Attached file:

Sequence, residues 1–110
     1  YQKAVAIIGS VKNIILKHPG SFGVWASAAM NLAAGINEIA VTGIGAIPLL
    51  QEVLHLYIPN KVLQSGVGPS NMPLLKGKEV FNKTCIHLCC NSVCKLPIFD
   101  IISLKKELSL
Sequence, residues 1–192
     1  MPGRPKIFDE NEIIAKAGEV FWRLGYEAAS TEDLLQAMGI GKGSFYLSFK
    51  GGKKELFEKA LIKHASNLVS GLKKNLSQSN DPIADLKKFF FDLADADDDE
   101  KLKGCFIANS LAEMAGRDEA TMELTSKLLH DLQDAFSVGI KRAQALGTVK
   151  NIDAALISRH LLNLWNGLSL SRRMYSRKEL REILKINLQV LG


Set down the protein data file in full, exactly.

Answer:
Sequence, residues 1–110
     1  YQKAVAIIGS VKNIILKHPG SFGVWASAAM NLAAGINEIA VTGIGAIPLL
    51  QEVLHLYIPN KVLQSGVGPS NMPLLKGKEV FNKTCIHLCC NSVCKLPIFD
   101  IISLKKELSL
Sequence, residues 1–192
     1  MPGRPKIFDE NEIIAKAGEV FWRLGYEAAS TEDLLQAMGI GKGSFYLSFK
    51  GGKKELFEKA LIKHASNLVS GLKKNLSQSN DPIADLKKFF FDLADADDDE
   101  KLKGCFIANS LAEMAGRDEA TMELTSKLLH DLQDAFSVGI KRAQALGTVK
   151  NIDAALISRH LLNLWNGLSL SRRMYSRKEL REILKINLQV LG